One of the best ways to establish immediate credibility is through the use of recognizable logos. Displayed correctly, logos from media appearances or trade associations can bring immediate awareness and validation.
Testimonials are a powerful third-party verifier and help make you credible through social proof. Wikipedia defines social proof as “a psychological phenomenon where people assume the actions of others in an attempt to reflect correct behavior for a given situation. Wikipedia goes on to say, “This effect is prominent in ambiguous social situations where people are unable to determine the appropriate mode of behavior, and is driven by the assumption that surrounding people possess more knowledge about the situation.”
The best types of testimonials are ones that not only use text to convey their message but also include the person’s photo or video.
4. Lead capture with auto responders.
When people come to your website, you need to capitalize on their visit by capturing their information so you can continue to stay in touch with them. By providing numerous ways for them to get information, you open up your funnel for leads.
5. Keywords and targeted meta data.
Knowing your keywords and putting them into your meta data (specific pieces of code that tell search engines like Google what your site is about) is vital to get your website ranked in the search engines.
If you’re unfamiliar with what your keywords are, Google offers a free keyword tool that will help you discover the keywords that people are searching for and the amount of competition for those keywords. Ideally you want to use keywords with high traffic and low competition.
If your website isn’t on WordPress, get it there! There are a number of great reasons to use WordPress, but first and foremost, it’s great for search engine optimization (SEO) because it’s built with clean code that makes it easy for search engines to spider and index your website. WordPress also offers endless plugins that can enhance just about every aspect of your website.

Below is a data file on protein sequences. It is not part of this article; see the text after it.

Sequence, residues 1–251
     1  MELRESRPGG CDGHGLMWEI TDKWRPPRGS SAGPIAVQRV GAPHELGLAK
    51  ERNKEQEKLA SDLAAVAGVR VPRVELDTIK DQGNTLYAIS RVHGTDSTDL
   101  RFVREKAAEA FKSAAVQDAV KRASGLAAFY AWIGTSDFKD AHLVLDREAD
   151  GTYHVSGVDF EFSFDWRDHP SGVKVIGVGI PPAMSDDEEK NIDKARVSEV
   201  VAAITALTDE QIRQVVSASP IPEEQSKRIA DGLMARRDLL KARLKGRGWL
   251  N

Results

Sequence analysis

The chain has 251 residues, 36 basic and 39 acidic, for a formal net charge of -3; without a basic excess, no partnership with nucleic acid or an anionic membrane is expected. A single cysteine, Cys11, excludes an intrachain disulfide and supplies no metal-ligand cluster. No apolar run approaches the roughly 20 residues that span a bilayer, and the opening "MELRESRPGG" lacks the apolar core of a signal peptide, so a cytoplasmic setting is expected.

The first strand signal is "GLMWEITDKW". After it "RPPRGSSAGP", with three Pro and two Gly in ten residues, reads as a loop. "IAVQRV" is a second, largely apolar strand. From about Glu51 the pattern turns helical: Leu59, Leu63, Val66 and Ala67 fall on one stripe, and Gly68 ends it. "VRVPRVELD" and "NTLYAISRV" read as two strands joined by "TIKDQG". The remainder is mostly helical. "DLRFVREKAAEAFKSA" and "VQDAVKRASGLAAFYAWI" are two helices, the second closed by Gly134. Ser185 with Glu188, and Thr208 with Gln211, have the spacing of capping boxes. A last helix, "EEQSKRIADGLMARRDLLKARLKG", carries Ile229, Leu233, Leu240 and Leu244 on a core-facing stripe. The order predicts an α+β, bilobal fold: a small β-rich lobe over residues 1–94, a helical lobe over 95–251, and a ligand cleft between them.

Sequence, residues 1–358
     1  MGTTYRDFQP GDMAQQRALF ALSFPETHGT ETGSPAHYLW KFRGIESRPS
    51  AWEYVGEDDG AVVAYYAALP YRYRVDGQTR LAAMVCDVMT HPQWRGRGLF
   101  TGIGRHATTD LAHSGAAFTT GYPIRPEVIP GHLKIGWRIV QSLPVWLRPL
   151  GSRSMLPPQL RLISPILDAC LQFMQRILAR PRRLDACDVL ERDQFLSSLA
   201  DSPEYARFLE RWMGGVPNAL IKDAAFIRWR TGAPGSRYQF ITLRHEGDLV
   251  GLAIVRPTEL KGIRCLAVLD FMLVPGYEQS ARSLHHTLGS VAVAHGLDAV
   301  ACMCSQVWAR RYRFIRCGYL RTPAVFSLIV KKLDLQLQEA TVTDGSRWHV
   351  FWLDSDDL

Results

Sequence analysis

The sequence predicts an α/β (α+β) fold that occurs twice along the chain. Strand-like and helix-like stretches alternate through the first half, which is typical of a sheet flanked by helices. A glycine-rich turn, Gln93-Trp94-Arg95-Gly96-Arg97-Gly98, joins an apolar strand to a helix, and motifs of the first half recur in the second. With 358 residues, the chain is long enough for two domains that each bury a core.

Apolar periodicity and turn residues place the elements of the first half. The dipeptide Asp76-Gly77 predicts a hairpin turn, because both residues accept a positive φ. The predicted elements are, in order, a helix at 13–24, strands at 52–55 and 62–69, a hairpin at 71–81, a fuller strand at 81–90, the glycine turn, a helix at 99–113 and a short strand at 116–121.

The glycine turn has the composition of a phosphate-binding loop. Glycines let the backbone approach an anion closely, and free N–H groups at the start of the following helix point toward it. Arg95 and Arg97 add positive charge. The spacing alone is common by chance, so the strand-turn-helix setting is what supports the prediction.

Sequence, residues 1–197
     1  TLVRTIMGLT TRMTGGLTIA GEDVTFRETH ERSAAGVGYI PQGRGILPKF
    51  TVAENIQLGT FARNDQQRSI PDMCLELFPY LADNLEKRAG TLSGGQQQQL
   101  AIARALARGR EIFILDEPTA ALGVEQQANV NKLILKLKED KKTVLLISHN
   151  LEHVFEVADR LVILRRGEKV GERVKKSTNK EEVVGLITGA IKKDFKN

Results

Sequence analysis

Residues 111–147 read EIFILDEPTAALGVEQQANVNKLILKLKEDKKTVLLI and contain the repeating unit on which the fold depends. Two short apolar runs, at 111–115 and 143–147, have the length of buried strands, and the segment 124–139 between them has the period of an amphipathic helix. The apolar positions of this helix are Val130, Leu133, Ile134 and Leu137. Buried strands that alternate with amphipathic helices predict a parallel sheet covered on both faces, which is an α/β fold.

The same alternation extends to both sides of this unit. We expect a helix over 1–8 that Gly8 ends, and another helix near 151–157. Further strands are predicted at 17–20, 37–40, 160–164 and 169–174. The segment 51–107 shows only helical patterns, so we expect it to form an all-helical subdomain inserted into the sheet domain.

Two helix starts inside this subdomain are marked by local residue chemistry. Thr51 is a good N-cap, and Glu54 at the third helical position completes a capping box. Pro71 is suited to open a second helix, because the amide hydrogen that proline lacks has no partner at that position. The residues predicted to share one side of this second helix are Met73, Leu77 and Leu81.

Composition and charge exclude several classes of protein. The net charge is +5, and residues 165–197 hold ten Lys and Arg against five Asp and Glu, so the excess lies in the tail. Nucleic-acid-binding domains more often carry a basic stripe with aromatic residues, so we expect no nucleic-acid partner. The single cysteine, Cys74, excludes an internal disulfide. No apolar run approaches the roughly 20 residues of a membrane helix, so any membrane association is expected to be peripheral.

7. Current, relevant content.
This is important for two reasons. First, it gives the search engines a reason to continually come back to your website. If you don’t have updated content on your website, you give the search engines no reason to come back.
Second, if people come to your website and it’s outdated, the first question that runs through their head is “Are you outdated?” Developing a keyword-rich blog can be one of the best ways to continually add current, relevant content. Effective blogs are ones that have content that acknowledge a problem that’s currently being faced in your industry, mentioning how you’ve been able to take care of that problem for your clients, then providing a mini CTA (call to action).
8. CTA (call to action).
Good content with no action is going to be just as unsuccessful as a website with no content. CTAs should be used throughout your website to take visitors through a predetermined path. By using CTAs on your homepage, you can connect with visitors’ pain points and lead them to an interior page that will solve their problem.
CTAs should also be used on interior pages to get visitors to take specific action. These types of CTAs should be connected to a lead capture device such as a free consultation or special report. If a person has just read an entire page of copy on your website about a particular service, there’s no better time to ask, “Ready to take the first step in becoming financially free? Download the FREE Special Report ‘10 Keys to Creating the Life You’ve Always Wanted Now!’ ”
Remember, it’s about building the relationship—so capturing visitors’ information is crucial so you can continually market to them and stay in the forefront of their mind. Even if they’re not ready to make a decision that day, creating a relationship with them so you’re their “friend in the business” is vital.
9. RSS feeds and social bookmarking icons.
Both of these allow further engagement with your website. RSS feeds allow consumers to simply sign up for your feed, and every time you add a new piece of content to your website, they’ll get it in their inbox.
Social bookmarking allows users to save links to web pages they like. Unlike a private bookmark within your own computer and browser, social bookmarks are public and tagged by keywords, so they can be a great tool for others to promote the content on your website, which helps increase your traffic.
10. Social media icons.
Social media icons allow users to connect with you socially if they choose. Will everyone want to visit your Facebook page? No, but for the consumer who likes to get their information through social media, it should be an option for them.
For more, visit http://www.entrepreneur.com
Here’s seven top tips for taking care of the business side of freelance life.
The relationship between art and commerce is a rocky one, and it’s particularly rocky when you’re a freelancer. For all its many joys, being your own boss also means being your own accounting department and occasional bailiff.
Freelancers face three key issues: staying on top of the paperwork, getting paid and ensuring the taxman doesn’t chuck you in prison. Taking care of all that can eat into the time you’d rather spend on designing. So how do others do it?
01. Start a spreadsheet